Importance of Intensive Lipid Lowering in Acute Coronary Syndrome and Percutaneous Coronary Intervention

Authors


Address for reprints: Christopher P. Cannon, M.D., TIMI Study Group, Cardiovascular Division, Brigham and Women's Hospital, 75 Francis Street, Boston, MA 02115. Fax: 617-734-7329; e-mail: cpcannon@partners.org

Abstract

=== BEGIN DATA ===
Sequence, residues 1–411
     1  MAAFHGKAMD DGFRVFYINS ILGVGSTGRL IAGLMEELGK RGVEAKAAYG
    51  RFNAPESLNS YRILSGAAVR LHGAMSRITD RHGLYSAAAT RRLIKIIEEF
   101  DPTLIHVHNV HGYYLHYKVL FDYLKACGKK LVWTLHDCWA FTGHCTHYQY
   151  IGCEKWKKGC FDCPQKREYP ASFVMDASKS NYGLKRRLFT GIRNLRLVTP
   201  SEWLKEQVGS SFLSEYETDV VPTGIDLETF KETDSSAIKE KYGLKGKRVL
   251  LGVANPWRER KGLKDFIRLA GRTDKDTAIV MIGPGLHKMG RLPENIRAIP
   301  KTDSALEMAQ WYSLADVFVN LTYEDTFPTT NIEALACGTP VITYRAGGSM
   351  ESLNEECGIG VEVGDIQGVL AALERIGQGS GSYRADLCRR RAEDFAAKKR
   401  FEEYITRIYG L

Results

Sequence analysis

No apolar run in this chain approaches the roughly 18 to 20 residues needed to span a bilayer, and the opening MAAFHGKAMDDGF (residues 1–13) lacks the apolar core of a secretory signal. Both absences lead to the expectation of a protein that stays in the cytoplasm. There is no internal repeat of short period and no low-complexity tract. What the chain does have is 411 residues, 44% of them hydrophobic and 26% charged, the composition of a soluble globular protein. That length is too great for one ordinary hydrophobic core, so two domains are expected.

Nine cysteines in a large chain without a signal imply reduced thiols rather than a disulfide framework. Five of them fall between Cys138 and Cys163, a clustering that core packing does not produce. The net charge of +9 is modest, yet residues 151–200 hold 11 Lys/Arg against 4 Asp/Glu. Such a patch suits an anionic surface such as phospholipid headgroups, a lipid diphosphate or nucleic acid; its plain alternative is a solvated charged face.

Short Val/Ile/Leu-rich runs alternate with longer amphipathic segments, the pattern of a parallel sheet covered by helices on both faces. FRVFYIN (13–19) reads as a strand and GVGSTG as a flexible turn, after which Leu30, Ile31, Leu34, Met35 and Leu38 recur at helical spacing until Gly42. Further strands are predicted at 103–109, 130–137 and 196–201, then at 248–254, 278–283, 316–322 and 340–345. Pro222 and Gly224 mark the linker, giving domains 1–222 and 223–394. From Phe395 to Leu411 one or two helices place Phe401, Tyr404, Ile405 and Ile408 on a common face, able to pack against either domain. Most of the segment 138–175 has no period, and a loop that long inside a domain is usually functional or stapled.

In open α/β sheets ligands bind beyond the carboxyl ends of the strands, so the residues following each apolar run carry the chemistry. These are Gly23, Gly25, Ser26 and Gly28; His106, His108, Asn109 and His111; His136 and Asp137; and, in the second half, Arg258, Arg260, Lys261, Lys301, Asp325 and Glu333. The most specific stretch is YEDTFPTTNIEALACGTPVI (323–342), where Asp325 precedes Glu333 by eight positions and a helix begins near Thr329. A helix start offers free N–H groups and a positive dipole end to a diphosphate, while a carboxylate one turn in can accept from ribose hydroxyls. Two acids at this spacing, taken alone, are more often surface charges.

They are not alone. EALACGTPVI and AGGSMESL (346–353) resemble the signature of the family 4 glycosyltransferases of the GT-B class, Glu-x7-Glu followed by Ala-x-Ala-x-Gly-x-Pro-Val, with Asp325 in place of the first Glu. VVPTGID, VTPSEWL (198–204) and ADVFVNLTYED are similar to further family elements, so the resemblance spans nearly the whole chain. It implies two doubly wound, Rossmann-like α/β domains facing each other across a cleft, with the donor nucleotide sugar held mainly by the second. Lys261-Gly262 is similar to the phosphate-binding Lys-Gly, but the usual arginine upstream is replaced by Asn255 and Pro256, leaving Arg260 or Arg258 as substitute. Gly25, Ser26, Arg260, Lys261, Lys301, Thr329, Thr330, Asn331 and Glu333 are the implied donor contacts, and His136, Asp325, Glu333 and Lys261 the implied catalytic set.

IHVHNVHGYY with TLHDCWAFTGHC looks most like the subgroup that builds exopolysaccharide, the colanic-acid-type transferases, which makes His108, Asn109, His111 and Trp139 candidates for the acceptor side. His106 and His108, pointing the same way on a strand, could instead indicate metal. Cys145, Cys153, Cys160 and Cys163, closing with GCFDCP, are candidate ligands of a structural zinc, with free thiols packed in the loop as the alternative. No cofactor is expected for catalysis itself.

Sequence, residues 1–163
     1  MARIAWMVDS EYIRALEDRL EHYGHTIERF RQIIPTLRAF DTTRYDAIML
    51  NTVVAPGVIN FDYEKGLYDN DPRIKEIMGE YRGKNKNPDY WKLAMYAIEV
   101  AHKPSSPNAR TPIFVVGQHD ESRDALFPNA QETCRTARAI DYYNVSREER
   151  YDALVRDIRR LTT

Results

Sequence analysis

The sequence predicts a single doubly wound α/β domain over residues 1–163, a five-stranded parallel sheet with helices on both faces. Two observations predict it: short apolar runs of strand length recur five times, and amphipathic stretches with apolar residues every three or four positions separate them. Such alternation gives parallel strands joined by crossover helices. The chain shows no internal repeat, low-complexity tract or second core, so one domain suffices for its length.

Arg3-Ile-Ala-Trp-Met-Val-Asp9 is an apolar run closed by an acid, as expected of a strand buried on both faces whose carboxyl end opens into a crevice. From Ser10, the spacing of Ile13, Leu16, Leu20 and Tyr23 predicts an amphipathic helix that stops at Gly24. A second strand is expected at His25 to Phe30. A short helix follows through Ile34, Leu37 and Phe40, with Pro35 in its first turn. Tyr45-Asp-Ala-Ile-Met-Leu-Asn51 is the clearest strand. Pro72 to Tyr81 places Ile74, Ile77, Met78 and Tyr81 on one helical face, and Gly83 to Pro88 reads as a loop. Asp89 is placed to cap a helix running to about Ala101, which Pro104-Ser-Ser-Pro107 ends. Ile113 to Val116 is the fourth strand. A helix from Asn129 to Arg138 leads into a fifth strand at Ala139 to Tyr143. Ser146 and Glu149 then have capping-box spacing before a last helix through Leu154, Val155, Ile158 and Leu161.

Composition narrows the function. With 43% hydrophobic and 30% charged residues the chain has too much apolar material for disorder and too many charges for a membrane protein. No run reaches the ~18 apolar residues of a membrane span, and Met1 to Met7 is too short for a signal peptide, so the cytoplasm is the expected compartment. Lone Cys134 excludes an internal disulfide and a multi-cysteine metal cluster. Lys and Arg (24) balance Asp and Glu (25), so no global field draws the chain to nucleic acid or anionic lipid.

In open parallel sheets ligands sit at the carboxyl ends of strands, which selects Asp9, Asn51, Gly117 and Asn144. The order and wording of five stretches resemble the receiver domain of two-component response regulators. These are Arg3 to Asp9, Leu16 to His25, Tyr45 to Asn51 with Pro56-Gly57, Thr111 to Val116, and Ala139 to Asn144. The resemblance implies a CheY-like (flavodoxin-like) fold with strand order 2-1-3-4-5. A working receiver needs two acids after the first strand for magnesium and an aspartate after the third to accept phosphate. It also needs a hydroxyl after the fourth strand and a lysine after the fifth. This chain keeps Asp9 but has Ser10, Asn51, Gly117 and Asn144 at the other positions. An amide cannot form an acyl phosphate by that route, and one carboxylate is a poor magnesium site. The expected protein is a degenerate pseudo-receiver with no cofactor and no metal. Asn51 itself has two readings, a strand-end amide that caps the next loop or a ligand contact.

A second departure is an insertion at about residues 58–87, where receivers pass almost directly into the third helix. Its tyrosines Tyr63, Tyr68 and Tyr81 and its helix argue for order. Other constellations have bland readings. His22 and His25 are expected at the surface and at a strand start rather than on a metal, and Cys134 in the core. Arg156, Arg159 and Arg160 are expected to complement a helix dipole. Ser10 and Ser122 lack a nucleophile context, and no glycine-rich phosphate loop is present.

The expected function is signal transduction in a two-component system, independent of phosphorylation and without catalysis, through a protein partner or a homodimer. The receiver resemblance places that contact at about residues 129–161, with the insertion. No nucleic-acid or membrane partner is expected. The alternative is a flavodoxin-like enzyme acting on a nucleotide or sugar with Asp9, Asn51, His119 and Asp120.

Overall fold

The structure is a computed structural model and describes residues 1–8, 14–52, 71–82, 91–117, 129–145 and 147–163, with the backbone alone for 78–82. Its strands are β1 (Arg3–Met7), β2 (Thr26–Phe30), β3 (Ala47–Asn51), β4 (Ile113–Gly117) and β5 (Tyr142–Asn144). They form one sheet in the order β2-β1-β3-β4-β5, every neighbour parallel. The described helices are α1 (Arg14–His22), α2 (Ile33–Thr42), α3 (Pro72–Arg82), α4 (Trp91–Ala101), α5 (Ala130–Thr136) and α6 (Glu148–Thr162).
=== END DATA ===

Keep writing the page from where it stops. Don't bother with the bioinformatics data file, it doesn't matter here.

Lipid-lowering therapy with statins reduces the risk of cardiovascular events in patients with established coronary heart disease (CHD). Traditionally, statins were perceived to lower the long-term cardiovascular risk by reducing elevated low-density lipoprotein cholesterol (LCL-C). Recently, this benefit has been established for patients early after acute coronary syndrome (ACS). The benefit appears linked to reductions in both LDL-C and C-reactive protein (CRP) that is a marker of systemic inflammation. This paper will review the current state of evidence from key recent statin trials in ACS and percutaneous coronary intervention (PCI) and discuss their significance for clinical practice.

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